Good morning! Today with Mark 15-16, we finish this gospel by reading about Jesus’ crucifixion, death and burial. The final chapter of Mark is unique in several ways—it’s the only gospel with multiple endings, and the only one in whose (earliest) ending the risen Jesus doesn’t appear.
But first, the crucifixion. Mark lays out a careful chronology, showing what happens on “Good Friday” in approximately three-hour segments: as soon as it was morning (trial before Pilate), nine o’clock in the morning (crucifixion), noon (mid-crucifixion), three in the afternoon (death), and evening (burial). Note again the characterization of Pilate as sympathetic to Jesus, but pushed to condemn Jesus against his will by the impassioned Jewish crowds. The crown of thorns and purple garment that the soldiers place on Jesus echo the anointing yesterday, ironically signifying his (counterintuitive) kingship. The reference to bandits, “one on his right and one on his left”, brings to mind again the request of James and John to be in those places. This certainly wasn’t what they had in mind when they asked for such an honor!
At the time of Jesus’ death, Mark connects us with earlier portions of scripture through several allusions. Elijah the wild-man prophet was imagined at this time to be a supernatural helper, showing up to aid holy people in their time of need. (Bystanders stopped the provision of sour wine in 15:36 in order to see whether Elijah would show up. A crude and cruel experiment, if you ask me!) For another allusion, the temple curtain’s tearing reminds us of the tabernacle and later temple construction. Remember that a curtain sealed off the Holy of Holies against any person except the high priest once a year. Mark suggests that Jesus’ death removes the layers of insulation between “God’s home” and the people—they no longer needed barriers or mediators. Finally, notice in 15:39 that it’s a centurion (almost certainly a non-Jew) who declares Jesus to be God’s Son. The Messianic Secret which has been hinted at through this whole Gospel is now declared fully for the first time, by a Gentile soldier from the foot of the cross. The message of glorification despite suffering is both clear and dumbfounding. How could God’s Son be crucified? Why would this be the case? Surely this must not be the end of the story.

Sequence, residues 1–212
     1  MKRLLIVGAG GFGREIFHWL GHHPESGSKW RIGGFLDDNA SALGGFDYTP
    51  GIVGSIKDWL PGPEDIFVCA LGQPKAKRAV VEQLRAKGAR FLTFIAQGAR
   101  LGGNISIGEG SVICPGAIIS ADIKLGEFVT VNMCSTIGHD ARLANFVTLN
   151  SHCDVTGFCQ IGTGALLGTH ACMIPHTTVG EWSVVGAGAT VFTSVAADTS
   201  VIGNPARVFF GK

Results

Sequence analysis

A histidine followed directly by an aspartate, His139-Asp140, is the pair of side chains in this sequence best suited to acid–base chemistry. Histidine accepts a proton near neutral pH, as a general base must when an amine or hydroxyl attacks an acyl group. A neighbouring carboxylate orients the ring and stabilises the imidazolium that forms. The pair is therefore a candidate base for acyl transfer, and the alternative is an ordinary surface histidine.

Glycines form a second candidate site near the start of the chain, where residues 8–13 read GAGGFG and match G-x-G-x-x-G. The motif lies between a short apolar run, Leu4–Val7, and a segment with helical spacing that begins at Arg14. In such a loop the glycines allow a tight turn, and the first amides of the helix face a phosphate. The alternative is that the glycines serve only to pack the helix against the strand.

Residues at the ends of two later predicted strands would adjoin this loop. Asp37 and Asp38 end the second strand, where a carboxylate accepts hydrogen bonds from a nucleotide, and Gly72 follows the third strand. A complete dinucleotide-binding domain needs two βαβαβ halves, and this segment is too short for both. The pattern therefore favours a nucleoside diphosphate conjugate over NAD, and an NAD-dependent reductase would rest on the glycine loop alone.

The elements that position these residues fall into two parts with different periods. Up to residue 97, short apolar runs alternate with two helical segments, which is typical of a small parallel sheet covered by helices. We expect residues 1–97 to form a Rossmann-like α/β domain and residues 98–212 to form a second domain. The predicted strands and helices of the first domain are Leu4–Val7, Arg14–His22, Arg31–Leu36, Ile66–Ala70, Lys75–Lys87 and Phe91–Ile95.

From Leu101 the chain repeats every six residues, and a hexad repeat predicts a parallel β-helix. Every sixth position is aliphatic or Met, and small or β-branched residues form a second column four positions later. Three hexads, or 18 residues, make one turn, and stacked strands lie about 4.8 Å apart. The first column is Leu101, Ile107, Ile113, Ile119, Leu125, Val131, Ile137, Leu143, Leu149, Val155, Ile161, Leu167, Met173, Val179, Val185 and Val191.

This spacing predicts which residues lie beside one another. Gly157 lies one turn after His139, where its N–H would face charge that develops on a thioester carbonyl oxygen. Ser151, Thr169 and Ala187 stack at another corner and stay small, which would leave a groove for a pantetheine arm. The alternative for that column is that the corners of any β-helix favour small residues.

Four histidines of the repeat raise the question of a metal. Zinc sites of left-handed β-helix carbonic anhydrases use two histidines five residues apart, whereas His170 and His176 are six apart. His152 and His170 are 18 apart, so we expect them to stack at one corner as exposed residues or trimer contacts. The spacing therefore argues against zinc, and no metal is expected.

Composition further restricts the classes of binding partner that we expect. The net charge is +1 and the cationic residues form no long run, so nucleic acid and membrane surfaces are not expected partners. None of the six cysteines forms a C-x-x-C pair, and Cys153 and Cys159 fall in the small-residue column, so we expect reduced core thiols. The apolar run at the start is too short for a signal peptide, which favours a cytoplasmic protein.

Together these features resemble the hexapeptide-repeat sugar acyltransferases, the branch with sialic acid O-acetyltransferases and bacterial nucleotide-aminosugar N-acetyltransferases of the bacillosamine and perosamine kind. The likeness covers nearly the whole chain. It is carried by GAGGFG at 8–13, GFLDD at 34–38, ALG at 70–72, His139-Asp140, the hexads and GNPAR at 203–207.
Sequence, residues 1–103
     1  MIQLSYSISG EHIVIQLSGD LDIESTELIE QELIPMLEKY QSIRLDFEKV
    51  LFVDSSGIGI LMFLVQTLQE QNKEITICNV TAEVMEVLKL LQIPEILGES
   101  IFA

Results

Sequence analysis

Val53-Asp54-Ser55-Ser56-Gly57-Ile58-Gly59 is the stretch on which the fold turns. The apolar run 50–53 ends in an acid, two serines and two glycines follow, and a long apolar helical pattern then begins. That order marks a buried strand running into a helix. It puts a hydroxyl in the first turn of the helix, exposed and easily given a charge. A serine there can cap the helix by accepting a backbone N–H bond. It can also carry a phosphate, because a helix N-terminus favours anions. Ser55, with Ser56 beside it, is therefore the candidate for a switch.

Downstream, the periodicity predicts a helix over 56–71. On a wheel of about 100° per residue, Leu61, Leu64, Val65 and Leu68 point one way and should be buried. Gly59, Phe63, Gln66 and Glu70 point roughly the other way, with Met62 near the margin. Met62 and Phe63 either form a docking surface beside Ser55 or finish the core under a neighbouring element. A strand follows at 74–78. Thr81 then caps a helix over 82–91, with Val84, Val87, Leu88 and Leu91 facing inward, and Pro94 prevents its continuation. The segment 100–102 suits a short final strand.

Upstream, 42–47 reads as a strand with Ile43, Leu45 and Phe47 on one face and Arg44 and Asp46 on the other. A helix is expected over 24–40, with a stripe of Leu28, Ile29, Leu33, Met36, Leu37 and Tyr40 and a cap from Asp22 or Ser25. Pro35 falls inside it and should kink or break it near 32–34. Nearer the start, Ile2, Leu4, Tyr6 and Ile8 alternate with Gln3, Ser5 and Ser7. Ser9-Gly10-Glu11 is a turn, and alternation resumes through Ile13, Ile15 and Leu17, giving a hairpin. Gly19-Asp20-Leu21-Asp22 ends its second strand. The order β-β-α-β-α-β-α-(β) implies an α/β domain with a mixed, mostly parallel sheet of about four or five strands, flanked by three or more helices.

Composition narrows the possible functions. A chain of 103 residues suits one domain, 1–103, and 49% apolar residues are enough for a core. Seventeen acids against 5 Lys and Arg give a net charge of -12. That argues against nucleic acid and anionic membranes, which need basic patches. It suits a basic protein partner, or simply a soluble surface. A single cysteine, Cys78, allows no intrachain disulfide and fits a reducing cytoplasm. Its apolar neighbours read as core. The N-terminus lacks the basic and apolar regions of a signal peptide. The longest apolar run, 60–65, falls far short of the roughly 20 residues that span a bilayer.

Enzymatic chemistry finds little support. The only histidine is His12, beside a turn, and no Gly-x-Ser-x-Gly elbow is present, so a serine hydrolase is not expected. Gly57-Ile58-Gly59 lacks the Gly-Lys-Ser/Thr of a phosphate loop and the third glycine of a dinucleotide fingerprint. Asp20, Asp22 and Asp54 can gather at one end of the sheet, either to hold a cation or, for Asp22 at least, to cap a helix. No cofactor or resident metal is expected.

Turning to chapter 16, we discover that there are various endings to Mark’s story! The first and shortest ending is likely closest to the original, as its where the earliest reliable manuscripts of Mark’s gospel end. However, it leaves off in 16:8 at a most awkward place: “they said nothing to anyone, for they were afraid”. Perhaps that’s why the two-sentence “Shorter Ending of Mark” (an extension of verse 8) was added, but my study Bible says that doesn’t appear any time before the fourth century CE. Finally, the longer ending of Mark existed in manuscripts at the end of the second century, but it seems to have been informed by other gospels and so was probably written after the other three were finished. There’s something postmodern in the existence of multiple endings, and leaving the ragged edges of the gospel’s construction awkwardly visible. In this sense then, and given its interest in communicating about God’s Son to non-Jews especially, Mark might be the most fitting gospel for Americans in the twenty-first century. Happy reading!
Please join discussion of this passage at the Daily Bible Facebook group, or comment below. The passage for tomorrow is Luke 1. Thanks for reading!